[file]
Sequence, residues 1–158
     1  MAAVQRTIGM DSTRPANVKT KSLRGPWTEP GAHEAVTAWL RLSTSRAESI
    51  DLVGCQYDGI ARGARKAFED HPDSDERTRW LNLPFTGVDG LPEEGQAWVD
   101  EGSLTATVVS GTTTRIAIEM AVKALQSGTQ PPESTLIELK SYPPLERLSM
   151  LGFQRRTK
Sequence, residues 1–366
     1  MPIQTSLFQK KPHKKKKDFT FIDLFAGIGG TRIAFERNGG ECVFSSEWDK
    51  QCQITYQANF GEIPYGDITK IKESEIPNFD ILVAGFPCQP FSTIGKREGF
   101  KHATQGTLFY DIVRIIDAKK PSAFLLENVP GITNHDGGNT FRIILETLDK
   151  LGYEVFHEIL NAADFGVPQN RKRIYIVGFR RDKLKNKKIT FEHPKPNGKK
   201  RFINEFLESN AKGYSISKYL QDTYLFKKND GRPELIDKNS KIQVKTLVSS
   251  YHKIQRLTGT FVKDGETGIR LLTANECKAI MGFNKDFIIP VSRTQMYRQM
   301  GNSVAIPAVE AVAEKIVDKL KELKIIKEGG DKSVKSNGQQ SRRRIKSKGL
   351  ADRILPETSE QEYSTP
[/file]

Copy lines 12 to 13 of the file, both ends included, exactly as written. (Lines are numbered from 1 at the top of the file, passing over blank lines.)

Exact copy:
   251  YHKIQRLTGT FVKDGETGIR LLTANECKAI MGFNKDFIIP VSRTQMYRQM
   301  GNSVAIPAVE AVAEKIVDKL KELKIIKEGG DKSVKSNGQQ SRRRIKSKGL